Mike Peinovich: Violent White Supremacists Are Being ‘Oppressed’ By Law Enforcement Because They’re White

In an October 12, 2017 phone call with Christopher Cantwell, Mike Peinovich decried the racial “double standard” in law enforcement’s treatment of his fellow white supremacists versus that of DeAndre Harris. Harris, a black man who was viciously beaten by a group of white supremacists at the August 12th “Unite the Right” rally, was recently charged with unlawful wounding — a felony — after a man named Harold Ray Crews secured a warrant from a local magistrate.

Crews, who leads the North Carolina chapter of the League of the South (LoS), alleged that he was assaulted by Harris shortly before Harris himself was beaten by rallygoers. Earlier this year, LoS President Michael Hill issued a directive calling for the formation of a paramilitary wing in order to “combat this growing leftist menace to our historic Christian civilization.”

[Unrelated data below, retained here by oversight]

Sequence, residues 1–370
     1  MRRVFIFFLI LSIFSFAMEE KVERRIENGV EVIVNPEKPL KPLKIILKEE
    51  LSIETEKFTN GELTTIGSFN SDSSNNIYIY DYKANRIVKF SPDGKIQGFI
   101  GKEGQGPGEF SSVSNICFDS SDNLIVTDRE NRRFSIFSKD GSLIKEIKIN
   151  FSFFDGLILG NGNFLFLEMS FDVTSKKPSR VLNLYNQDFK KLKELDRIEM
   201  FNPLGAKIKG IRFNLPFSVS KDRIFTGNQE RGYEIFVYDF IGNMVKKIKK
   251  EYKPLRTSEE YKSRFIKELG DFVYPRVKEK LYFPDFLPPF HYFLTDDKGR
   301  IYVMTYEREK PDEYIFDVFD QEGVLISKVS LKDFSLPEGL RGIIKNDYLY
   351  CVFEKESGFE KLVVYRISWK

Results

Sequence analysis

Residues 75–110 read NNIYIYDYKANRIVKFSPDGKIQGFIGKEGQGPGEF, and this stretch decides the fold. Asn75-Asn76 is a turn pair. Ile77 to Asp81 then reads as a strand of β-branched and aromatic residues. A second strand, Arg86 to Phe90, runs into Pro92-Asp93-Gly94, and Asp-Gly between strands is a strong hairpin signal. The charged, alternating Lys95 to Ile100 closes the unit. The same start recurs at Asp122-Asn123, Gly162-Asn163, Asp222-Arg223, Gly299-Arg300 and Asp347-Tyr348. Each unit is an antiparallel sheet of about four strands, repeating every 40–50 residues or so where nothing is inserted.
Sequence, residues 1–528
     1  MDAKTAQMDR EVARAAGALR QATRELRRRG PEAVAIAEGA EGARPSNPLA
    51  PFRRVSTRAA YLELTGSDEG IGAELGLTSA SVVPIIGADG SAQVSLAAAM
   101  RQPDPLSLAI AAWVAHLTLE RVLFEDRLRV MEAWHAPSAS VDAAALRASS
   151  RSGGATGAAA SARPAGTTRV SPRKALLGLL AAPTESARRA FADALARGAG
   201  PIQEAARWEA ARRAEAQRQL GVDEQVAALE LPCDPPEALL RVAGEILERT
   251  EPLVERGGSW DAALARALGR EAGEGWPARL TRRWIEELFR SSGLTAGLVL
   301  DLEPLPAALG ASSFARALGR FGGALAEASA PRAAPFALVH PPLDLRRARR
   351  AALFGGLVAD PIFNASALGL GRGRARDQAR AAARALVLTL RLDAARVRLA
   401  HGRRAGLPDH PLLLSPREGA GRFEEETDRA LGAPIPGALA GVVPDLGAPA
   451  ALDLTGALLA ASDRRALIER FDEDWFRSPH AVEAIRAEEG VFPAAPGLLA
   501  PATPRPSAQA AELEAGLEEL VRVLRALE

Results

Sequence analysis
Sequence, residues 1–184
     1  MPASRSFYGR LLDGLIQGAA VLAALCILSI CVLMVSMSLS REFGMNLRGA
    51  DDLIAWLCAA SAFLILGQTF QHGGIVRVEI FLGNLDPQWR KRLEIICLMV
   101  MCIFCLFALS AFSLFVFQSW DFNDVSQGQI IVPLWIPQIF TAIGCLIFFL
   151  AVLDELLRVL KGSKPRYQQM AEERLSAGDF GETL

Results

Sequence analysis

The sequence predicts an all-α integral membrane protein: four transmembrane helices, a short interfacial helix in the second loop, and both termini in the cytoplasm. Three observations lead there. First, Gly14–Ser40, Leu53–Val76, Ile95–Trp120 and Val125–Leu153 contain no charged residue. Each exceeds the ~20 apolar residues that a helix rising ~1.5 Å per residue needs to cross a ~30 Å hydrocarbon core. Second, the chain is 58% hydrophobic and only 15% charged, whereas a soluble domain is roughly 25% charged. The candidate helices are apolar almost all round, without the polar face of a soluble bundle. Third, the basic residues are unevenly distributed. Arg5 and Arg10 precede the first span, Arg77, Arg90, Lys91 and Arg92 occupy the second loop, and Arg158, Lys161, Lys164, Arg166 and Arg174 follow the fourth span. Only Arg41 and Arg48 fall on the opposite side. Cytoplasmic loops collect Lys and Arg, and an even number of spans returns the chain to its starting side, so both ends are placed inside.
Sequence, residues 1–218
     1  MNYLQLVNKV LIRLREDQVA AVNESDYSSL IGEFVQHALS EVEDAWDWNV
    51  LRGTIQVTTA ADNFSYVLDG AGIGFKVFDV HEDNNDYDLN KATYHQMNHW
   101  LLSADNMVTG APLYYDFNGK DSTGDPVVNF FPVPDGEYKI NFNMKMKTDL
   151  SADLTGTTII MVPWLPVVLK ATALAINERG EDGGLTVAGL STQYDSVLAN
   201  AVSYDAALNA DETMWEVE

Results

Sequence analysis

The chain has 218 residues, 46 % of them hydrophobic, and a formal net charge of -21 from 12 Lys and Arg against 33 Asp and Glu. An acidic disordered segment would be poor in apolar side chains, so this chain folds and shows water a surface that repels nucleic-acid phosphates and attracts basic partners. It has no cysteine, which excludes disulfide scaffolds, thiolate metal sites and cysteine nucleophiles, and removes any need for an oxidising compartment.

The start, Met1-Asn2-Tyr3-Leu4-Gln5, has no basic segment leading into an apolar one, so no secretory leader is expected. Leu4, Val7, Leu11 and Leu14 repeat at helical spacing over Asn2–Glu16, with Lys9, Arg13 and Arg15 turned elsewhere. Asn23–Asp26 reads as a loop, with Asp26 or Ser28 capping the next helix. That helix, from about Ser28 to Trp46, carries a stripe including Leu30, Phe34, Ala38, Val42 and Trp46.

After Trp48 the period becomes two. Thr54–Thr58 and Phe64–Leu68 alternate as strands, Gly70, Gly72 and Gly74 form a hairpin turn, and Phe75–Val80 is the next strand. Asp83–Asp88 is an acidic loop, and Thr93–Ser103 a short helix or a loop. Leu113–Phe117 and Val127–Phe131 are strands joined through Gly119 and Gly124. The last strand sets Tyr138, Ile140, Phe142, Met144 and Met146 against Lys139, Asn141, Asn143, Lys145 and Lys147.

When he first heard about Harris’ arrest, Peinovich admitted he was hopeful that the legal system was working in their favor, especially after speaking one day prior with Occidental Dissent’s Brad Griffin (a.k.a. Hunter Wallace). But, unlike his assailants, Harris was released on bond, and law enforcement wasn’t exactly pushing to have Harris charged.

“DeAndre, already, is being privileged by the legal system,” said Peinovich, “and obviously there’s just a total double standard here. And it’s racial. I mean, it’s racial. He’s getting kid gloves because he’s black. It’s literally black privilege. You guys are being oppressed because you’re white. It’s like literally you are being attacked for your race. And there’s no question. And he’s getting lighter treatment because of his race.”

And he remarked that “we can’t live under this system” which, he said, is so terrible that he “wouldn’t subject blacks” to it. Cantwell interrupted to point out that this is why he supports “political migrations,” adding that when he’s finally released from prison he’d like to buy “a whole motherfuckin’ bunch of land” and farm it. “Don’t call it a compound whatever you do,” Peinovich joked, likely in reference to Waco and Hayden Lake.